The U.S. had more hate groups last year than at any point in at least the past two decades, according to an organization that tracks white supremacists and other far-right extremists.
The Southern Poverty Law Center said Wednesday that the 1,020 groups it counted in 2018 is the most since 2011 and the highest number since the center broadened its survey of such groups in the 1990s. Last year's tally also represents a 7 percent increase over the 954 groups that the Alabama-based law center counted in 2017.
Heidi Beirich, director of the law center's Intelligence Project, said the count reflects an "enlivened American hate movement" that has been growing for the past four years.
"This time period dovetails with (Donald) Trump's campaign and then his presidency, a period that has seen a 30 percent increase in the number of these groups," she said. "In the three years prior to that, during the waning years of (Barack Obama's) presidency, hate groups were actually on the decline."
Some organizations on the list have criticized or even sued over the hate-group labels, accusing the law center of political bias.
The law center, based in Montgomery, Alabama, defines a hate group as an organization that attacks or maligns an entire class of people. Beirich said the law center stands by its designations and denied its list unfairly targets conservative groups.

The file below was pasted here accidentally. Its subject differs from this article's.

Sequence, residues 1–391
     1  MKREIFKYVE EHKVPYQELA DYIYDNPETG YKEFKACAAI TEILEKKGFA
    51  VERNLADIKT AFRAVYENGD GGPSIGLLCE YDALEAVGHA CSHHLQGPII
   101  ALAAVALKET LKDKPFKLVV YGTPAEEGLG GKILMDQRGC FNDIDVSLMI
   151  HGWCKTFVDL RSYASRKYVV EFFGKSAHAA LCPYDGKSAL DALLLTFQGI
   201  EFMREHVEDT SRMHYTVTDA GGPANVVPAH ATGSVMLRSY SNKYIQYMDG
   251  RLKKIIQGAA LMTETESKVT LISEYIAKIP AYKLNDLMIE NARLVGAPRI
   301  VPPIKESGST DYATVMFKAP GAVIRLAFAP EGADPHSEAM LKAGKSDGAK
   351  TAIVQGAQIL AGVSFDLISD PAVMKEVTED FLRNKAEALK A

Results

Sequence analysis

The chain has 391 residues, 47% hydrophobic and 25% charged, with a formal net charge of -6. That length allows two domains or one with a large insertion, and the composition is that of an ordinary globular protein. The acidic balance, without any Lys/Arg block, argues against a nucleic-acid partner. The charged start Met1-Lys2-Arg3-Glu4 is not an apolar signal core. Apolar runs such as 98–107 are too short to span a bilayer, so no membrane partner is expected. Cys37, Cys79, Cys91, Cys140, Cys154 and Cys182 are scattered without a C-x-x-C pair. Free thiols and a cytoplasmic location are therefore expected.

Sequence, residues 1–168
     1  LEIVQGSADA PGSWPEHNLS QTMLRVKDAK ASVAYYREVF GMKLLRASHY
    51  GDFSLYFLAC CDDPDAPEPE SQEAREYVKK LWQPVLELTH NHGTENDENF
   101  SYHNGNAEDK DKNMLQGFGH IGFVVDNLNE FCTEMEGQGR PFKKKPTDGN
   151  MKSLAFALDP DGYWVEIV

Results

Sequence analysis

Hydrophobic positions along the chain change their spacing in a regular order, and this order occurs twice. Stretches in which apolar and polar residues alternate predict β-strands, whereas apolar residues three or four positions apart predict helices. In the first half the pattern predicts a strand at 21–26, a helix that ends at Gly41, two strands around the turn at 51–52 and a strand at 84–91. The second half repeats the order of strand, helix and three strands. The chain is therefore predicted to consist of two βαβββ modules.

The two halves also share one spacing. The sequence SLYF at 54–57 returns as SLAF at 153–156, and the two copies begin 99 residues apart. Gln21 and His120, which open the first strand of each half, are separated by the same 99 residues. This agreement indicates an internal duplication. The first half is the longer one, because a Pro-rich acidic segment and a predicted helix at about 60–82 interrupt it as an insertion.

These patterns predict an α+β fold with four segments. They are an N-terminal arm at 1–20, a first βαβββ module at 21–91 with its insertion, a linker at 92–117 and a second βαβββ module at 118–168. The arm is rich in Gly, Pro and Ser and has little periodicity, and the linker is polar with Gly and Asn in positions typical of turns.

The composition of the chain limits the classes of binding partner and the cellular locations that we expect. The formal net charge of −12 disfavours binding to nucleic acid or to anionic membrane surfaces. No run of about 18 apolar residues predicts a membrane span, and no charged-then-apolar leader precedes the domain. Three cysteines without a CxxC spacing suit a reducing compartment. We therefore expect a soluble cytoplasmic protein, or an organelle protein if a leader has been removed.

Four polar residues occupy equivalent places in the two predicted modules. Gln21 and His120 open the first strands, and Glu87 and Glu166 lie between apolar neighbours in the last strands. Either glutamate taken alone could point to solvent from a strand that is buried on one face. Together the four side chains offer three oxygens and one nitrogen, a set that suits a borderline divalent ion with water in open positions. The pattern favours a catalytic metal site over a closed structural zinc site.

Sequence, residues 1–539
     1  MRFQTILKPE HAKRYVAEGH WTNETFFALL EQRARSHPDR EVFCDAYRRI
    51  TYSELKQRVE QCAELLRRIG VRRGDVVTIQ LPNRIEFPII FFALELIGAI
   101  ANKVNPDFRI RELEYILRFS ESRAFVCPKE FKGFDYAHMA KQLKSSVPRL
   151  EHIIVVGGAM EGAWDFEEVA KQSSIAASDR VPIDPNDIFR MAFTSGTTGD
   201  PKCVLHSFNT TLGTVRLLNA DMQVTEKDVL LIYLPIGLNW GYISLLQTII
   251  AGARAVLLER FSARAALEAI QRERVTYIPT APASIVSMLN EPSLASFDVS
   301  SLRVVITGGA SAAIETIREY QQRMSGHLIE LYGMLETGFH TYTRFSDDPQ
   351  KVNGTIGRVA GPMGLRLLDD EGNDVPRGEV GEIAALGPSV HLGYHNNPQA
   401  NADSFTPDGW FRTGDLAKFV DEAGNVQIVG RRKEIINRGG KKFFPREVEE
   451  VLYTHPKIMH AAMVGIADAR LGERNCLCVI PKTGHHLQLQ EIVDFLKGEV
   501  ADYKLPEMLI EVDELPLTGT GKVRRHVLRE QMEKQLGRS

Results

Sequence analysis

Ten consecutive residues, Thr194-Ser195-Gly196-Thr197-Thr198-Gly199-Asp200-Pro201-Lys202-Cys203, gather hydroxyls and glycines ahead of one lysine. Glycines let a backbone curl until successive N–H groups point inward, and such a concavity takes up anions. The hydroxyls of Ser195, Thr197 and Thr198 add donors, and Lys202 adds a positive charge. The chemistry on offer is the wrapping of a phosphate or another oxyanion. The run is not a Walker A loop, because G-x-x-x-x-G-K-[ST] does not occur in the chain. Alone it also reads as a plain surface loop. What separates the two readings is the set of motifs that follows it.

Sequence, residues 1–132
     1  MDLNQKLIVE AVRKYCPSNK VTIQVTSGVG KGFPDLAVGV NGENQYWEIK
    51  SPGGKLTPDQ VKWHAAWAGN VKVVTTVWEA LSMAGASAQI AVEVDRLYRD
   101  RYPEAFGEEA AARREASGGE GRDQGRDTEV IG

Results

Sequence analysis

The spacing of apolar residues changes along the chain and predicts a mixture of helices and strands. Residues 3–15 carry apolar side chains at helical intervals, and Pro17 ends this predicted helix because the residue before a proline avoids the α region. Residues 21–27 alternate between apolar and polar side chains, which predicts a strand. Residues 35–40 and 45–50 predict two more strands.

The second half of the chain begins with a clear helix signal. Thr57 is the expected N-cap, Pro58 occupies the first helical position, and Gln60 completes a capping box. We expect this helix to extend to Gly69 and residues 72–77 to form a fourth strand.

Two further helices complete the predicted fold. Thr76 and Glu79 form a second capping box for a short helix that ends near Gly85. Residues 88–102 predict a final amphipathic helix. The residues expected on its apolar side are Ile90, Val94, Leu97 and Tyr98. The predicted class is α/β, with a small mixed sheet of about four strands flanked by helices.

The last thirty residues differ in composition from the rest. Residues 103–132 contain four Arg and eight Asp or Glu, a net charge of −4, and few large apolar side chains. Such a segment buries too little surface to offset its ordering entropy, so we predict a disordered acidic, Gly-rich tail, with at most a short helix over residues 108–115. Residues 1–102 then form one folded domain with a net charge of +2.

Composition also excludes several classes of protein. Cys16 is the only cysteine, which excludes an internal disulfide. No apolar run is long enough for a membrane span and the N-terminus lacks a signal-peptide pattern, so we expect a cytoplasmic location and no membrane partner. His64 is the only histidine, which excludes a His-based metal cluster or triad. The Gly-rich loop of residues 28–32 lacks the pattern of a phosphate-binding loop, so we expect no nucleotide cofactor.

"I've never thought of it as a conservative position to defend, for example, defaming gay men as being child molesters or pedophiles. The kind of speech that we call out is of that nature. It's defamatory. It's negative propaganda," she said.
Liberty Counsel Inc., a Florida-based legal advocacy organization, sued after a website that maintains a charity database flagged it and 45 other nonprofits for being labeled as hate groups by the law center. A federal judge in Virginia threw out that lawsuit. A federal magistrate in Alabama recommended the dismissal of a separate lawsuit that accused the law center of defaming a Florida-based evangelical ministry by designating it as a hate group.
The number of white nationalist groups counted by the law center increased from 100 chapters in 2017 to 148 in 2018. But the number of Ku Klux Klan chapters dropped for the third year in a row, falling to 51 chapters in 2018 from 130 in 2016, according to the law center's report.
"The KKK has not been able to appeal to younger racists, with its antiquated traditions, odd dress and lack of digital savvy. Younger extremists prefer Fred Perry polo shirts and khakis to Klan robes," the report adds.
This story has been edited to correct the time element to Wednesday.